The upgraded arena opened yesterday, and the company intends to transform it into a full-fledged family entertainment facility. To make it a success, part of United Skates? responsibility is repairing the fiscal fabric of the arena?s frayed financial woes.
    The ice arena on Chestnut Street lost an estimated $200,000 during the 2007-2008 season. In an effort to keep expenses to the municipal budget at bay, the move to contract with a private firm will enable the municipality to spend the annual $82,000 usually set aside for the rink on more essential services, said Mayor Jerry Fried.
    “We felt that in the difficult situation we are in with the arena, it was the best way for the town to learn a way for the arena to serve the community in a fiscally responsible fashion,” Fried said.
    “One of our responsibilities is to turn that around,” De Angelo said.
    De Angelo summed up his vision for the arena in four words: Clean, fun, friendly and safe.
    There are several “foundations” United Skates will use to making the arena a success, including a push for improving and expanding hockey, figure and public skating.
    Major renovations to the arena are slated to begin next spring, De Angelo said, which include expanding the ice surface and extending seating capacity from 750 to about 1,000.
    Video games will be brought in, as well as bigger birthday party rooms and a concession stand that will serve both the arena and the neighboring township community pool, De Angelo said.
    “This isn?t a hockey rink ? we are in the family entertainment industry.”
    United Skates, based in Columbus, Ohio, will act as a consultant to the township during construction, said De Angelo, who noted that he suggested to municipal officials that the arena be open year-round. It is currently a seasonal operation.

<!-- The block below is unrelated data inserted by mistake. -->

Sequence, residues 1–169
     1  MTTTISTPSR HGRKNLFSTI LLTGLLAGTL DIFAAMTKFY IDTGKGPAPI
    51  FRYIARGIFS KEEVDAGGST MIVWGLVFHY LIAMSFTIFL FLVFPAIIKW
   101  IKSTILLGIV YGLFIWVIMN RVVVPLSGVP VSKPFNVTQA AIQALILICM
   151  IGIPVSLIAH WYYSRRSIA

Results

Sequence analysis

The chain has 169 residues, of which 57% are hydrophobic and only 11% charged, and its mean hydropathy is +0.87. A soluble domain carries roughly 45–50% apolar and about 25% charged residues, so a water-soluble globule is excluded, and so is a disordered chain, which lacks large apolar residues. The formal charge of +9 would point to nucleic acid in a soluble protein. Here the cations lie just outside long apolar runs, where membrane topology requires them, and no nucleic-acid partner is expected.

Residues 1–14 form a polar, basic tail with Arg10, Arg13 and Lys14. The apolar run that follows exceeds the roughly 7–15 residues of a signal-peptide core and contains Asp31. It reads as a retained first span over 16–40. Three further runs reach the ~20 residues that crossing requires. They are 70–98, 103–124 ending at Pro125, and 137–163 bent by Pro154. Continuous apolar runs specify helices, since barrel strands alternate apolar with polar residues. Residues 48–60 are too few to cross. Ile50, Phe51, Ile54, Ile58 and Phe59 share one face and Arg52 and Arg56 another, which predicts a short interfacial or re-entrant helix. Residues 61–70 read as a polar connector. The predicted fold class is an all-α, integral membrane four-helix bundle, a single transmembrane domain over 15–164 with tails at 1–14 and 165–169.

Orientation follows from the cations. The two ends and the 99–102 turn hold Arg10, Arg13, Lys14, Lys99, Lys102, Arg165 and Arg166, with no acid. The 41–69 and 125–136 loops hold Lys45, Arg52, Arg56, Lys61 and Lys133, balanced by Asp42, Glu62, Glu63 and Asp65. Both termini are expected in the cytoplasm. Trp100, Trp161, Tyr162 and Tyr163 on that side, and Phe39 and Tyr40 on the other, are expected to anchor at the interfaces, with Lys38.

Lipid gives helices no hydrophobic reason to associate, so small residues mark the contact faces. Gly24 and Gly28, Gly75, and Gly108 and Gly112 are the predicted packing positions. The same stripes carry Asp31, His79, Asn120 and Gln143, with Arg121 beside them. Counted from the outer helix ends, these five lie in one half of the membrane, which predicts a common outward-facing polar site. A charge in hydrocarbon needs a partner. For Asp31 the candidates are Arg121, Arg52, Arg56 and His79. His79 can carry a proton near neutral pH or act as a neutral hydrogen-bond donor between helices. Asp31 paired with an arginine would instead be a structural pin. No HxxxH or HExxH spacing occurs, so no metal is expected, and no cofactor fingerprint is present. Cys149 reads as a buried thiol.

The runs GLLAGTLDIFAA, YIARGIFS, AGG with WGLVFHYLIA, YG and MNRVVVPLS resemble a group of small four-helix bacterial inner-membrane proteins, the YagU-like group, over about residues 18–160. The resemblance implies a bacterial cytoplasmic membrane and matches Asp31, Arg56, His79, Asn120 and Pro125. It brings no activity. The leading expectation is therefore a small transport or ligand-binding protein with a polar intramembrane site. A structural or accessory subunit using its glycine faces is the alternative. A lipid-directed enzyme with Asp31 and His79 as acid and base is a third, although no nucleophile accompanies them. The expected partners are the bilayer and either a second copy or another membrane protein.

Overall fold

“The last thing we want to do is tell our customers we?re not open for the summer months and then send them to another rink,” De Angelo said. “This building was good for what it was good for. But times have changed.”
    Peter McMullen, son of the late New Jersey Devils owner John J. McMullen, said municipal officials and the McMullen Family Foundation intend to discuss ways the foundation can support the arena?s renovations. “Our hope is that we will be meeting to work together,” McMullen said.
    “We?re really looking to further conversations with the McMullens with making Clary Anderson Arena the type of town resource it was meant to be,” Fried said.
    There are 25 operations staffers and additional volunteer hockey coaches. Skating lessons will be conducted by professional skating coaches, De Angelo said.
    The admission price of $5.50 for public skating sessions has not changed, and new skating-lesson packages will save customers some cash, said United Skates Director of Ice Bill Irving.
    Heightening the hockey program, which currently includes Montclair High School?s varsity and junior varsity programs, The Montclair Kimberley Academy?s teams and the Jr. Mounties hockey program, is also is high on United Skates? list of priorities.
    “The program is small at this time,” Irving said. “We?d like to see a full-fledged youth hockey league, and we?d like to see some type of travel hockey program return.”
    Irving said that because the arena lacked such programs, they were “two major reasons” why the arena?s revenue was considerably less than what it could have been and why the facility was “under-utilized.”